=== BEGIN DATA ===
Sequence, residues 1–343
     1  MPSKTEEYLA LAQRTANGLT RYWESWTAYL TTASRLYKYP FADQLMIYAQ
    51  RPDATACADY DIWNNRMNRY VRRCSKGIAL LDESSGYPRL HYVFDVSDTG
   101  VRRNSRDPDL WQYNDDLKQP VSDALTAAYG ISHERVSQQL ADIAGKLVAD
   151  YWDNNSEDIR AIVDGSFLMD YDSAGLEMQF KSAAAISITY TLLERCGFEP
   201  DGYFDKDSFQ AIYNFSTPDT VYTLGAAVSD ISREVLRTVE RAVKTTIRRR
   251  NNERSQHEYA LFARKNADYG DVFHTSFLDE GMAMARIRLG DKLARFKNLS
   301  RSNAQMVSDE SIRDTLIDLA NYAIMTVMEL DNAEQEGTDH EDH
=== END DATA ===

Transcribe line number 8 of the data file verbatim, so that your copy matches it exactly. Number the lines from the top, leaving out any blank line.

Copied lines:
   301  RSNAQMVSDE SIRDTLIDLA NYAIMTVMEL DNAEQEGTDH EDH